Top 10 Do’s and Don’ts of Running


Penelope Cairns |

Beginners’ commandments of running – in a nutshell.

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  • DON’T begin a running programme until you’ve had a full medical check-up if you’re over 40, significantly overweight, have been seriously ill in the past year or have a family history of heart disease.
  • DO tell someone where you’ll be running and when you expect to return. Carry some identification and some money just in case.
  • DO watch out for cars, and don’t expect drivers to watch out for you. Always run facing traffic so that you can see cars approaching. When crossing a junction, make sure you establish eye contact with the driver before proceeding.
  • DO try some light stretching exercises before and after your walk/run sessions, to reduce muscle tightness and increase your range of motion.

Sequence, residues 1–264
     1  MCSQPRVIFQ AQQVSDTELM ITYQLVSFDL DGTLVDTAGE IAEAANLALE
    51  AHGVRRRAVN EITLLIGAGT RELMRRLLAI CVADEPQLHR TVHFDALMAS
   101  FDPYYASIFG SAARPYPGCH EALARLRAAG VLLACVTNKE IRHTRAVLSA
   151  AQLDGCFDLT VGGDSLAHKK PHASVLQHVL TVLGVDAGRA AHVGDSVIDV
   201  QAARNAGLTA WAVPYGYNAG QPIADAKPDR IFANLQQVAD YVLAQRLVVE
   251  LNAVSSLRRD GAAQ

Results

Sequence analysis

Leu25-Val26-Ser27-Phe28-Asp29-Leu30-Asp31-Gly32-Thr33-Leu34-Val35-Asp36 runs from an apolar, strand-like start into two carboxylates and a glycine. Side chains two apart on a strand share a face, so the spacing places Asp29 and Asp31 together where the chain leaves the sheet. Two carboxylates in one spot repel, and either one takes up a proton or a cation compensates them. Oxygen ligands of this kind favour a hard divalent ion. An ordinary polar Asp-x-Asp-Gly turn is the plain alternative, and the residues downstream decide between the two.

• DO include a training partner in your programme if possible. A partner with similar abilities and goals can add motivation and increase the safety of your running.
  • DO dress correctly. If it’s dark, wear white or, better yet, reflective clothing. If it’s cold, wear layers of clothing, gloves or mittens to retain heat. Sunblock, sunglasses, a cap and white clothing make sense on hot days.
  • DON’T run in worn-out shoes, or in shoes that are designed for other sports.
  • DON’T attempt to train through an athletic injury. Little aches and pains can sideline you for weeks or months if you don’t take time off and seek medical advice.
  • DON’T wear headphones when running outdoors. They tune you out from your surroundings, making you more vulnerable to all sorts of hazards including cars, bikes, dogs and criminals.
  • DON’T run in remote areas, especially if you’re running alone. If you don’t have a training partner, run with a dog or carry a personal attack alarm. Don’t approach a car to give directions, and don’t assume that all runners are harmless.

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